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Apple VideoPad Device Prototype Rejected by Steve Jobs to Go Up For Auction

Apple VideoPad Device Prototype Rejected by Steve Jobs to Go Up For Auction

Bonhams auction company has announced that it will be putting several rare prototype Apple devices up for auction on November 3. Among the devices is an unreleased VideoPad device that was initiated by former Apple CEO John Sculley but rejected by Steve Jobs upon his return in the late 1990s.

From the auction page:



Prototype design model of the VideoPad 2, [Cupertino: 1994-5.] with hinged flip-top, 180 x 232 mm, height 33 mm. Made of heavy duty plastic with mock memory card slot, power socket and phone line input socket, silver-papered screen, flip top with space for a video screen and two speakers either side. In its original black leather carrying case, impressed with Newton light bulb logo.

Provenance: Purchased in Palo Alto from an Apple Engineer in 1999.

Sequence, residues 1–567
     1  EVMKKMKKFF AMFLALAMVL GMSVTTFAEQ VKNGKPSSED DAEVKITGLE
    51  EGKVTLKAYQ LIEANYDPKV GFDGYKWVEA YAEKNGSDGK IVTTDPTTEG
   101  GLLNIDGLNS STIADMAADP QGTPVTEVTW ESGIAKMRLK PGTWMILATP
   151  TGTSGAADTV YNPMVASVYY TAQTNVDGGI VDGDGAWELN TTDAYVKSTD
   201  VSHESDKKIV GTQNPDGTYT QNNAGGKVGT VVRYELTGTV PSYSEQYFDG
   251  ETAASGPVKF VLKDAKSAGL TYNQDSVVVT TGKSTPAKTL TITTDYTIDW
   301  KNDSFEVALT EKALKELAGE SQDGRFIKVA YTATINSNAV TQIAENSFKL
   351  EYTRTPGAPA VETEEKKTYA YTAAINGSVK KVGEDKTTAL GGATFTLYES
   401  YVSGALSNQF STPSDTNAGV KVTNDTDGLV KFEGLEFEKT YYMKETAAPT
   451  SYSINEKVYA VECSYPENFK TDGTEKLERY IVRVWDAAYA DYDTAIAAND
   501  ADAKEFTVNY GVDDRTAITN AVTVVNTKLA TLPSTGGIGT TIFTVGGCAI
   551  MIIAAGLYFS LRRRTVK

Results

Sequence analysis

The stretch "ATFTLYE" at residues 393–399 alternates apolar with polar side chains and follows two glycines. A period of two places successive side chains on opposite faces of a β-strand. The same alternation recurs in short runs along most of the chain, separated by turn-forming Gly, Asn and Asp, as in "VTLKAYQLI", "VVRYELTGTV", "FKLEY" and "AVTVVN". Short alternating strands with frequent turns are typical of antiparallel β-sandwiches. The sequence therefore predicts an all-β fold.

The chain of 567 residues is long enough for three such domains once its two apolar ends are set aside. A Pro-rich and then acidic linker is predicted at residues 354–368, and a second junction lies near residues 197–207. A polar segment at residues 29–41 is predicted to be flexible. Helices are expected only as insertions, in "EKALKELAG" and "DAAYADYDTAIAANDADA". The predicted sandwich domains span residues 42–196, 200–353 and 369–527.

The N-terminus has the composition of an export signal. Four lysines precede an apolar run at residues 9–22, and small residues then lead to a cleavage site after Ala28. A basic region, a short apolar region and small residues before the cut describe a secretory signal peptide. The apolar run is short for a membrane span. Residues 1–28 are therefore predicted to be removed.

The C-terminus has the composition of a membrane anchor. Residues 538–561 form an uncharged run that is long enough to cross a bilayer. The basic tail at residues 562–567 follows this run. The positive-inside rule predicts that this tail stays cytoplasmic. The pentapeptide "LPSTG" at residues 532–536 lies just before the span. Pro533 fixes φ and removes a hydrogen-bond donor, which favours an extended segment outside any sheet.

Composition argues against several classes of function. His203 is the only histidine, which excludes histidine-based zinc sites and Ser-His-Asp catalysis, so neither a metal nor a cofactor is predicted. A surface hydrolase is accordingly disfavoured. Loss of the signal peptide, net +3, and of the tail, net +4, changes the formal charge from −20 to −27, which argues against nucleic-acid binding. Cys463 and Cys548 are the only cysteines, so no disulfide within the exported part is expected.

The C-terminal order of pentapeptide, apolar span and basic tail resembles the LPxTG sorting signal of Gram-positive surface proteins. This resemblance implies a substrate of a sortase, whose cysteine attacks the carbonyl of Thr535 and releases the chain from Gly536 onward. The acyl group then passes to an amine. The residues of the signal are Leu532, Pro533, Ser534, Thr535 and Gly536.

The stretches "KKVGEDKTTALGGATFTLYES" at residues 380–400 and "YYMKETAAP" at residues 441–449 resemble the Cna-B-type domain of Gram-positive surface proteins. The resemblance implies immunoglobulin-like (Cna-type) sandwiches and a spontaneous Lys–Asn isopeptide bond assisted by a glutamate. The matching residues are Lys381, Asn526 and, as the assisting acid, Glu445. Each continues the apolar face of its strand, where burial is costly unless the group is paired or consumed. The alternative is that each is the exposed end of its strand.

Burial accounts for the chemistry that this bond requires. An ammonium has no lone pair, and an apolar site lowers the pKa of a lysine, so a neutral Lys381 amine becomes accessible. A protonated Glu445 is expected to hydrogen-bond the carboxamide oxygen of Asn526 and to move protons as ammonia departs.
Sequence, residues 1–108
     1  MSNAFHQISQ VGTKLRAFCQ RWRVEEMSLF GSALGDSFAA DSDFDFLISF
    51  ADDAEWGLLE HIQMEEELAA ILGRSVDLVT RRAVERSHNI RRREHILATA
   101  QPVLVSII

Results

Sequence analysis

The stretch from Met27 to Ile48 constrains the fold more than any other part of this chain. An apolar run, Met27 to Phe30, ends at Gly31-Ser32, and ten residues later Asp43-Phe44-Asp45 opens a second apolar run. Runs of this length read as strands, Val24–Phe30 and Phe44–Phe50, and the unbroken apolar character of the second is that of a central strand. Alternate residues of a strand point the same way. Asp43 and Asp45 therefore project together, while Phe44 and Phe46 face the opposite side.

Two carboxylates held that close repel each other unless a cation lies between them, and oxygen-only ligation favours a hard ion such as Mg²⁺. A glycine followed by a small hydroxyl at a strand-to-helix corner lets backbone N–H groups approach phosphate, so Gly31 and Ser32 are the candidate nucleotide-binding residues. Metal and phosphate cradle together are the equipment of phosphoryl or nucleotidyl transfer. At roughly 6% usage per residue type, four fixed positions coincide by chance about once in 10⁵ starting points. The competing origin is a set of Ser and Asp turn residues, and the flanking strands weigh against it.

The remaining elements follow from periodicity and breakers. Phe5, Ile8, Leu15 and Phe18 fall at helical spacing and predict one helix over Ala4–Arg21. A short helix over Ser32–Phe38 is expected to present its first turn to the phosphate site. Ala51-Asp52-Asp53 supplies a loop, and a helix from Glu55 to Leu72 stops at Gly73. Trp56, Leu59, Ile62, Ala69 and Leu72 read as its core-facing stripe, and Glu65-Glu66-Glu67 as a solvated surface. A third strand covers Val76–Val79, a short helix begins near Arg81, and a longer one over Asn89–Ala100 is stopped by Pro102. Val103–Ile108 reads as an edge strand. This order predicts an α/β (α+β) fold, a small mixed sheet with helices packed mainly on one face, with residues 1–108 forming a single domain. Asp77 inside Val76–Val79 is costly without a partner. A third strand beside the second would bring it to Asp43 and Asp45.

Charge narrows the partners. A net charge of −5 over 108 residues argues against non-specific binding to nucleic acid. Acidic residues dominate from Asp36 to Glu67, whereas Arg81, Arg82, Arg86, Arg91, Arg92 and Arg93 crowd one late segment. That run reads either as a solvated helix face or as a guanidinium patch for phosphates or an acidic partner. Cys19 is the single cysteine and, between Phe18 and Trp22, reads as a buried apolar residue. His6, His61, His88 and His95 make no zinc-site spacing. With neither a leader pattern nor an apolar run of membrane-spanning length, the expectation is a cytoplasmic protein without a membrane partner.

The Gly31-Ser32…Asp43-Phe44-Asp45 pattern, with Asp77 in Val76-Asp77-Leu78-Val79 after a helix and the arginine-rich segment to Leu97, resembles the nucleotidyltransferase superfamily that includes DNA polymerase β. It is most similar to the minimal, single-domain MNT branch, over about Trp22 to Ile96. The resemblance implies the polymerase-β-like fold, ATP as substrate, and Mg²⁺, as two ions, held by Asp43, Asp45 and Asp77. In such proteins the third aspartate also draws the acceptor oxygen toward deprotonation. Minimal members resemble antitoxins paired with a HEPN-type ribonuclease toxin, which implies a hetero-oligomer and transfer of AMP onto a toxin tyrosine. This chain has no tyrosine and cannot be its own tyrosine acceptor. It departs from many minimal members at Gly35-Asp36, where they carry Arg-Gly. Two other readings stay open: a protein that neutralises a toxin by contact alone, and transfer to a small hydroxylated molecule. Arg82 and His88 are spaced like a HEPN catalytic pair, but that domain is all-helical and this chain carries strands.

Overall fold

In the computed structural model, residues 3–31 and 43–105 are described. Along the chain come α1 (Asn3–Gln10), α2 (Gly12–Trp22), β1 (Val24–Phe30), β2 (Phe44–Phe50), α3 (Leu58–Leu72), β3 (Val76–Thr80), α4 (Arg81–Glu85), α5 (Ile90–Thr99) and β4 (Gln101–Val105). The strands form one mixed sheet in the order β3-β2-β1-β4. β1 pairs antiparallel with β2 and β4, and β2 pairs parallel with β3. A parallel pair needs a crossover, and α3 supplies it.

A UNIQUE PROTOTYPE DESIGN FOR THE APPLE VIDEOPAD 2, the only surviving concept prototype for the VideoPad PDA. Three designs were put forward by Apple as VideoPad 1,2 and 3, developed in the period of 1993 to 1995 under CEO John Sculley. VideoPads 1 and 3 were the only examples shown to the public. They were made from a conceptual design sketch drawn by Sculley. The VideoPad seemed to be the next logical step after the Newton Message Pad, which Sculley had also pushed into production, 1993-1997. It expanded the tablet to also include a fold-up screen apparently with a built-in camera for video conferencing. Although this fit some of the ideals that Steve Jobs envisioned for the future of computing, he cancelled this and Newton OS soon after his return in 1997. He rightly understood that the technology was not yet at the level required for a positive user experience and judging by the Newton, it lacked a successful foundation.

It would be ten years before Apple would finally make its way into the phone market and another 5 more before the iPad launched. Finally, with the multi-touch screen, the technology was ready to meet the design and performance demands that Jobs had required. The VideoPad stands as an interesting step along way.

The prototype was purchased from an Apple engineer in Palo Alto in 1999, and it includes its original black leather carrying case with the Newton logo. More details are available on the auction website.

Also headed to auction is a handwritten letter from Steve Jobs, an early prototype of the original Macintosh, and an early prototype of the original iPad.